Have you ever wondered about how far our civilization can grow and advance? If we will manage to mitigate the Threats to Humanity, advancement in science and technology is showing us an exponential growth in the rate of our progress.

Such exponential growth could one day lead us to colonize the Moon and Mars. Mine the asteroid belt, and live on the moons of Jupiter. Even vacation and sail the methane seas of Neptune. One day, our descendants will be able to leave our solar system and travel and colonize other solar systems. They might even be able to expand to the entirety of the Milky Way Galaxy and also colonize other Galaxies. The line between science and science fiction is fading.
One way we can put this cosmic future adventure into perspective and quantify the progress by rating the development of our current civilization via the Kardashev’s Civilization classification scale. The Russian astrophysicist Kardashev proposed this scale in 1964. Kardesciev classified what he perceived as possible advanced civilizations into three categories. These categories, according to Kardashev, are classified according to how much energy the culture collects and stores, which will allow it to power communication across vast distances.

Kardashev was not trying to theorize or predict humanity’s future. He believed that it is more plausible to hear or tap into communications from a hypothetical preexisting civilization than to encounter one physically. His classification categorized the hypothesized advanced civilizations into three categories based on calculating the energy needed to power the civilization’s stellar communications.

(More insight on the physics of deriving the Power quantities mentioned above is available in the “Nerd Alert” section at the end of this article)

Many Scientists, Mathematicians, and physicists hypothesized their own scales based on the Kardeschivs initial scale. My favorite is Carl Segan’s interpolated Kardashev scale. He improved it by first interloping and extrapolating the power quantities to form a unit base continuous scale. Where type I is 4×1016Watts, Type II is 4×1026 Watts, and type III is 4×1036 Watts with ten orders of magnitude diference between each. Another improvement that Carl Segan did was add a second axis to the definition of the civilization type. One that is not strictly interdependent on the Power Axis. The second axis is the quantity of information a civilization produces. He assigned a Letter attached to the classification. Type A civilization has 106 Bits of information available to it, and thus Type Z will have 1033 Bits.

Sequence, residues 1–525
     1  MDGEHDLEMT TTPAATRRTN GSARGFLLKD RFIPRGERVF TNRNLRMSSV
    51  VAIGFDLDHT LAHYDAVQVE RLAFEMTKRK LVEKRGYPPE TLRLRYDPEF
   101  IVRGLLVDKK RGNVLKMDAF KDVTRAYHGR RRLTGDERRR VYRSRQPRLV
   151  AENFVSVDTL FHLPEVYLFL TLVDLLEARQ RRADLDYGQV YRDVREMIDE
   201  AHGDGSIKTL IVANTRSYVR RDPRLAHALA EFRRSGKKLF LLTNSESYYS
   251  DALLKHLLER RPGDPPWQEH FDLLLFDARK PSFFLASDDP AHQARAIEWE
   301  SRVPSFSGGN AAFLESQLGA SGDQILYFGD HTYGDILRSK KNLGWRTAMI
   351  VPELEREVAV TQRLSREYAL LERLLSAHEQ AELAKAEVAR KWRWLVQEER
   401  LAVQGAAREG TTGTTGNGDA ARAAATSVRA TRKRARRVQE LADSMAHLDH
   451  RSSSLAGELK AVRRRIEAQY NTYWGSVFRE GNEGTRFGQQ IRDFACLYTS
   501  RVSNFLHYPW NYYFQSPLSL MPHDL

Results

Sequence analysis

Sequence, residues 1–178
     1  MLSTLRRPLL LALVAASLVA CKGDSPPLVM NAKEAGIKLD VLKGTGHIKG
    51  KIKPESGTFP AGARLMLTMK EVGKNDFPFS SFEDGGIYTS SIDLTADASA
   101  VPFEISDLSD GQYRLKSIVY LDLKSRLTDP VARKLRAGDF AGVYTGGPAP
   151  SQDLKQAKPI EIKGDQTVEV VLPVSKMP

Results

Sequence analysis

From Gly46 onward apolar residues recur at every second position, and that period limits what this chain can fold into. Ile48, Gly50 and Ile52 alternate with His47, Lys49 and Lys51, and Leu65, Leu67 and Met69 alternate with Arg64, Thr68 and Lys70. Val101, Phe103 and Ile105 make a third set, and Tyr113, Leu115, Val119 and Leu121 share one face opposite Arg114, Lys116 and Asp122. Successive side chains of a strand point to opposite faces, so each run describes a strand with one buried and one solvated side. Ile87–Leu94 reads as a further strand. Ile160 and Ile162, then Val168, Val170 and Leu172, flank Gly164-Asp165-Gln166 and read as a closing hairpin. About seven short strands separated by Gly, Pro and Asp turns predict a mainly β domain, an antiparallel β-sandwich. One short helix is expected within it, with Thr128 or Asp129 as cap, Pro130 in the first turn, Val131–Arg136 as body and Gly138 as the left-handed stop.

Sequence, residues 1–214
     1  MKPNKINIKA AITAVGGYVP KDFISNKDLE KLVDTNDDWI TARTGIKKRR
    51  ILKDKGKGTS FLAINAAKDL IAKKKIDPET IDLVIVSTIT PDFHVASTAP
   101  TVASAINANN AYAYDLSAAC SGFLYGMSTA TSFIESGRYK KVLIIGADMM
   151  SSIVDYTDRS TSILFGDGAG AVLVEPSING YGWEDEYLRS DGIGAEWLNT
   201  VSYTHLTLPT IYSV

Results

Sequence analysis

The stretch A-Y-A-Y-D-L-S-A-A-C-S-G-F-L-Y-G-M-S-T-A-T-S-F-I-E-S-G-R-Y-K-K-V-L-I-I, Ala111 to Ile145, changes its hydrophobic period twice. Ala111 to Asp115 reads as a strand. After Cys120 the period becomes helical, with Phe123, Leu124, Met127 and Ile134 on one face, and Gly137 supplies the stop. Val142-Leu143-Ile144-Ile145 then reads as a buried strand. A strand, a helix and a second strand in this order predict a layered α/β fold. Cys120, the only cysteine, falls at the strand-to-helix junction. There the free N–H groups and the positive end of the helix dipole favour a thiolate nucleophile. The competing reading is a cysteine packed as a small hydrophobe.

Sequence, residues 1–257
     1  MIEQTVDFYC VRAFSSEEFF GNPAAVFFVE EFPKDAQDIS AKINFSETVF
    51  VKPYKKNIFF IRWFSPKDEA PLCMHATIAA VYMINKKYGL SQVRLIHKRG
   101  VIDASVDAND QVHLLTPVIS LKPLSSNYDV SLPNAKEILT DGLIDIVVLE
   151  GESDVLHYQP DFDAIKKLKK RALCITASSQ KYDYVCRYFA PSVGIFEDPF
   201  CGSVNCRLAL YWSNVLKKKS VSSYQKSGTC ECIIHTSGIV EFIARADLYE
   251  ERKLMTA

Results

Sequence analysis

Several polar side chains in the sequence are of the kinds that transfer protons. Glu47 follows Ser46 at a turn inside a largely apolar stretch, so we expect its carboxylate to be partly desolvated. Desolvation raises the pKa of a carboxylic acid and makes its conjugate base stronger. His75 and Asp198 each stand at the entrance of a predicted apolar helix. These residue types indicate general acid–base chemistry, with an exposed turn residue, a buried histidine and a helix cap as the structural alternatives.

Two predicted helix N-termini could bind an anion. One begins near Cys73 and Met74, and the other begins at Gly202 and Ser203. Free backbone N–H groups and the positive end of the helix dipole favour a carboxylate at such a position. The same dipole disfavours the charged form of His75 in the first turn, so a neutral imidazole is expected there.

Our current Classification is calculated to be around Type 0.74I (I = 1014)

With the advent of new and improved technologies across the board, we might experience an exponential increase in the generation of new information – through the improvement of AI, and the complexity of Quantum computing models – and the exponential increase in power generation and storage through both upgraded and new developed technologies like Fusion power.

With some luck and common sense, we might make it to a type I in the coming centuries!

Nerd Alert

The following equation by Kardescieve show the calculation of the power P discussed above:
100 KTN = PA / 4πr2Δf
TN is the noise temperature that a receiving antenna collects.
Δf is the system bandwidth transmitted
P is the power needed for a transmitter to transmit Δf of system bandwidth across r distance through TN cosmic noise.
A is the area or the receiver catching the signal or transmission.
Kardeschieve assumed that in the above formula, we need 100 fold of signal than cosmic noise for the transmission to be reliable. So, for maximum Δf, we need to increase the receiver’s surface area or increase the transmitter’s power. Increasing power is more plausible than the surface area because to build such structures to be as big as planets or solar systems, we might need to increase power as much to make the structures themselves never the less operate them.

Food for Thought

We would detect Type II and type III Signals as an electromagnetic signal that ranges from narrowband Radio signals to microwave radiation, near and extreme ultraviolet radiation to x-ray, and Gamma radiation. With our technology, that signal might look like a radio wave burst, infrared to Gamma radiation bursts – similar to a supernova explosion or a pulsing star, or a black hole ejection – or even background microwave radiation. Sound Familiar?

Astronomers at the Canadian Hydrogen Intensity Mapping Experiment (CHIME) Collaboration in Canada have been monitoring a Fast Radio Burst (FRB) designated as FRB 180916.J0158+65. This FRB follows the same pattern every 16.35 days. The Astronomers at CHIME have observed and released a report that from September 2018 till February 2020, they have recorded 38 repeating FRB where the majority of the bursts happen in a five-day phase window; furthermore, the astronomers recorded 50% of the bursts in a 0.6-day phase window. The Article titled “Periodic activity from a fast radio burst source” was published on 17 June 2020, in Nature.

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